Balance is used in daily functions such as walking and going up and down stairs. Practicing and maintaining good balance can make these daily functions easier and prevent falls, especially as people age. Balance training is considered a main form of physical activity, along with aerobic and strength training activities. There are many ways to train balance. Try a few of the exercises below.
Suggested Equipment: Sturdy chair and step
Workout Directions: Repeat each exercise 8-12 times, complete circuit 2-3 times, two times per week on non-consecutive days. Breathe throughout each activity, do not hold your breath. Inhale on the easy part and exhale on the hard part. Tighten abdominal muscles and maintain core strength during activities.
Participating in this activity is purely voluntary. If you are not regularly active, it is recommended to consult with a physician before starting physical activity.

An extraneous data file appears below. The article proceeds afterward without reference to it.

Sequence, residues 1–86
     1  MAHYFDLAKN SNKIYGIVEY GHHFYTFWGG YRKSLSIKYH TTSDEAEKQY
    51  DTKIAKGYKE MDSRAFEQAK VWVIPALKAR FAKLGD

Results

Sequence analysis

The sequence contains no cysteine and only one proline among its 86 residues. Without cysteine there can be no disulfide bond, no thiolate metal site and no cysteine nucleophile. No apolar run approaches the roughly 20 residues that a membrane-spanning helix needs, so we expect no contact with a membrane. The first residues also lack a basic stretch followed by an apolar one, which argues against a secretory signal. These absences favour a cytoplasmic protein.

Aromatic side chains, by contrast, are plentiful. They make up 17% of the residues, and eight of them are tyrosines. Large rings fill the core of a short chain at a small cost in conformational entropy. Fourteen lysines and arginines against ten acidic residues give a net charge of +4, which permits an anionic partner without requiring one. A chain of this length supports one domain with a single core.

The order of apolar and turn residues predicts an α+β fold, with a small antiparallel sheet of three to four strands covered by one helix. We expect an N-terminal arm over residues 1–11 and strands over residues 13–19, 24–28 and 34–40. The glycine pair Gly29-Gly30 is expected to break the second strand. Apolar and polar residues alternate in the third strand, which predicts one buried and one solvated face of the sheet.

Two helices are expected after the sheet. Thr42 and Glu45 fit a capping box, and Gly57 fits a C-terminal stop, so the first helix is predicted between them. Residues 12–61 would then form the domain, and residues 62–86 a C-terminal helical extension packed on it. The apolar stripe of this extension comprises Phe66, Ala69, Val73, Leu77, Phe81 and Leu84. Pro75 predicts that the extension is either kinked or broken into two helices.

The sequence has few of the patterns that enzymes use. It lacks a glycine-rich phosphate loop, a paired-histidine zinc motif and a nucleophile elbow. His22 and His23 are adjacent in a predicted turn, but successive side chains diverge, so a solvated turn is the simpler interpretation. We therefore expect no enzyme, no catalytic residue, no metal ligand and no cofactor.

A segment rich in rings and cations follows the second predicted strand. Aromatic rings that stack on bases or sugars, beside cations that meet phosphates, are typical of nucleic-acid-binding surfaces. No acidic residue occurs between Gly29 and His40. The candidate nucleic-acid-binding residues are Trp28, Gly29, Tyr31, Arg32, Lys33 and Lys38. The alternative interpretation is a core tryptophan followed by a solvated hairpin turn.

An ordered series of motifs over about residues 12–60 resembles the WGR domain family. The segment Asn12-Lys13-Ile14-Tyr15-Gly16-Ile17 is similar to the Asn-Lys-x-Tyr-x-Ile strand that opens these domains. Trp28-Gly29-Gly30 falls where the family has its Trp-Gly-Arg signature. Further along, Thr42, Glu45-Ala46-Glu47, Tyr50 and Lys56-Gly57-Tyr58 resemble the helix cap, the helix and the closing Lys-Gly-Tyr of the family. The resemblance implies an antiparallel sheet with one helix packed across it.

- Physical Activity, Centers for Disease Control and Prevention (CDC)
- Physical Activity Guidelines for Americans, 2nd Edition, U.S. Department of Health and Human Services
- Balance Exercise, American Heart Association
The Nutrition Education Program (NEP) delivers evidence-based nutrition education and obesity prevention interventions through a combination of education strategies coupled with multi-level community changes that occur within the environment to promote healthy eating and active lifestyles.
This material was funded by USDA's Supplemental Nutrition Assistance Program – SNAP and Expanded Food & Nutrition Education Program (EFNEP).